Activists call for changes at Port Lavaca Animal Control
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Dr. Bill McClellan of the Port Lavaca Veterinary Clinic said if you adopt a dog, you want shelter, bedding and possibly a heat source.
Frostbite can set in any time there are freezing temperatures, he said.
PORT LAVACA - Carley Stringo, 22, of Port Lavaca, became alarmed Saturday when she learned via Facebook that the Port Lavaca Animal Control was not planning to give the dogs their blankets for the night.
Stringo said she called the humane society, which is housed in the same building as animal control, to confirm what she read on Facebook.
"I cried when they said it was true," Stringo said Monday.
The dogs eventually received blankets.
"The animals there have better protection than animals in someone's back yard," Port Lavaca Police Chief James Martinez said Monday.
All of the dogs live in a covered outdoor facility. Each kennel has three short cement walls with a metal fence at the front.
The dogs at the humane society are on the south side of the facility. The animal control dogs are one row behind them to the north.
Their kennels face the opposite direction.
The dogs housed by the humane society have plastic crates with bedding. The animal control dogs did not before Saturday night.
Stringo called two friends, and together, the three women drove to the facility to demand animal control give the dogs blankets, she said.
She told fellow protester Rose Farmer, 20, of Port Lavaca, "If I have to stand out there all night long, I will."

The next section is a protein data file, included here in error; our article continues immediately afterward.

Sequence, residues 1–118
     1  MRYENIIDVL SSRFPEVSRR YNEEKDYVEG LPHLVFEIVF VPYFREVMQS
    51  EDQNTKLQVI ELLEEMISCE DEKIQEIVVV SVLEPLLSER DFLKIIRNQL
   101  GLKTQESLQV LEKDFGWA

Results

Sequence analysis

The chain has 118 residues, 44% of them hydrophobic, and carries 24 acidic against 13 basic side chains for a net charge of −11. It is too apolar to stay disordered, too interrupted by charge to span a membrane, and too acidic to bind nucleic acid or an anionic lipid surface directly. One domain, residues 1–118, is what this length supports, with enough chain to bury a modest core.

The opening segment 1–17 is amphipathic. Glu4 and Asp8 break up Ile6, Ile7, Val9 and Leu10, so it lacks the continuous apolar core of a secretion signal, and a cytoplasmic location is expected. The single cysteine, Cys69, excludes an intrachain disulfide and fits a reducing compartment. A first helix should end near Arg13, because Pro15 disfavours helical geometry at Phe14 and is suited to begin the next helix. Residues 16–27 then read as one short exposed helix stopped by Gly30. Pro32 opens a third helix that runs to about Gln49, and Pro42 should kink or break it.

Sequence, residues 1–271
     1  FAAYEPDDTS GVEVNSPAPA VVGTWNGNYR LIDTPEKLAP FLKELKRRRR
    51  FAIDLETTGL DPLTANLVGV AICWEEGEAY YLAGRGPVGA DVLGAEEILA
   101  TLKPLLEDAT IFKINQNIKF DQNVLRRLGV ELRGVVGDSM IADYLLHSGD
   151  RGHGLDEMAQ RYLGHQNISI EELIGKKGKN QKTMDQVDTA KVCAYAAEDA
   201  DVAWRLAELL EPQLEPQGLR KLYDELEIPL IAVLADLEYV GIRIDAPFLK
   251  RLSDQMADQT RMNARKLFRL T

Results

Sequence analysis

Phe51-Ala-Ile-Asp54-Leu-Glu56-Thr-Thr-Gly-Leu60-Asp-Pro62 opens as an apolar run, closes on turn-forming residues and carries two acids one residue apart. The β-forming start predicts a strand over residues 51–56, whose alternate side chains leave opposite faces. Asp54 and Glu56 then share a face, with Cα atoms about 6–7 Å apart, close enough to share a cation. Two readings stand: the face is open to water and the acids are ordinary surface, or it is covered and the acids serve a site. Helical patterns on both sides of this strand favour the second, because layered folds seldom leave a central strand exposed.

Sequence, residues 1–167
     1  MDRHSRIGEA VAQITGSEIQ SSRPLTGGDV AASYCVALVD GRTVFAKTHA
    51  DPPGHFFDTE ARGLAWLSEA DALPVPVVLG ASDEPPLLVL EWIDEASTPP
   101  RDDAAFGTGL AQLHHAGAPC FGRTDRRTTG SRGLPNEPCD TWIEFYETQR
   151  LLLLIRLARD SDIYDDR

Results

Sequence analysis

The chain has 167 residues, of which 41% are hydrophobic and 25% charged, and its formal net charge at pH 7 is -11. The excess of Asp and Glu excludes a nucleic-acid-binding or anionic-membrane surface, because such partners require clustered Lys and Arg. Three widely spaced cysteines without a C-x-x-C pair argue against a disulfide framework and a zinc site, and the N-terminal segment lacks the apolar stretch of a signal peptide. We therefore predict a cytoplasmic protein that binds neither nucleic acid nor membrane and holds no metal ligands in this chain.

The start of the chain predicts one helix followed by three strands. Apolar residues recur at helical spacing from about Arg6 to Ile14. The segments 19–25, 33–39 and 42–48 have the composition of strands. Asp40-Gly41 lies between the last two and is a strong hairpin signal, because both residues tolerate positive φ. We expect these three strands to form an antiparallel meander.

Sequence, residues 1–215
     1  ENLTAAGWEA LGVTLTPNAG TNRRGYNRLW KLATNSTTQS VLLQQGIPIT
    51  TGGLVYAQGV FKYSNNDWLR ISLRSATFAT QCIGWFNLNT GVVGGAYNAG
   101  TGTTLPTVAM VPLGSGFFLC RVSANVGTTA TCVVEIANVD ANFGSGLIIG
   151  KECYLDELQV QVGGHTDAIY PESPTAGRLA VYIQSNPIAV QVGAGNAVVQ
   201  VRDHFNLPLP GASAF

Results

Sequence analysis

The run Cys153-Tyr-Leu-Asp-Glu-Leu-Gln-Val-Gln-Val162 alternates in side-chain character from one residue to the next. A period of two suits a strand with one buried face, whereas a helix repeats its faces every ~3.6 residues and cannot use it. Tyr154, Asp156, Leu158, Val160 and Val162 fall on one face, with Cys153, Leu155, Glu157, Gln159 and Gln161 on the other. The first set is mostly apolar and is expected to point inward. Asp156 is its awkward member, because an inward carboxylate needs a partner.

The women stood outside the facility from 4:30 p.m. to 8:30 p.m., she said. During that time, they recruited friends to call the Port Lavaca Police Department, city manager and mayor.
At 8 p.m., two police officers arrived with Port Lavaca Animal Control Officer Donnie McGrew, Stringo said.
Martinez confirmed Monday that officers responded to reports that protesters were at the animal control facility.
Martinez said tarps on the north side of the facility - put up by the humane society - block the wind.
"The dogs in the inside portion are provided adequate protection from the elements," Martinez said.
Under the general guidelines of the Texas Administrative Code for facilities quarantining or impounding animals, facilities are required to protect animals from inclement weather.
The code states: "Auxiliary heat or clean, dry bedding material shall be provided any time the ambient temperature falls below 50 degrees Fahrenheit when animals are present."
Saturday's high temperature in Port Lavaca was 35 degrees, and the low was 32 degrees, said a meteorologist at the National Weather Service in Corpus Christi.
Martinez said the animal control dogs were given blankets before police officers left Saturday evening.
He said animal control does not have any policies regarding when a dog should be given a blanket. It is up to the discretion of the animal control officer.
McGrew declined to comment Monday.
Martinez said he went to animal control facilities Monday to see the living conditions for himself. About eight to 10 dogs were housed in the animal control side.
He said the need for blankets will remain at the discretion of the animal control officer.
"For someone to say he is cruel or treats the dogs inhumanely is baseless," Martinez said. "I've seen every one of those dogs come up to him and show him affection."
Martinez said he welcomes input from the community.
"We're not perfect," he said. "If we need to develop a policy that says during inclement level we need to do A, B and C, we will make those adjustments."
Protesters left the animal control facility Saturday night after the dogs were given blankets, Stringo said. That night, protesters formed the group Calhoun Citizens Against Animal Cruelty. The group plans to take its grievances against Port Lavaca Animal Control to the City Council during the January meeting.
Stringo said the group is trying to get placed on the meeting agenda.
"We're pushing that they enforce the laws that are already set," Stringo said. "The laws are there. From what I'm getting, nobody is enforcing them."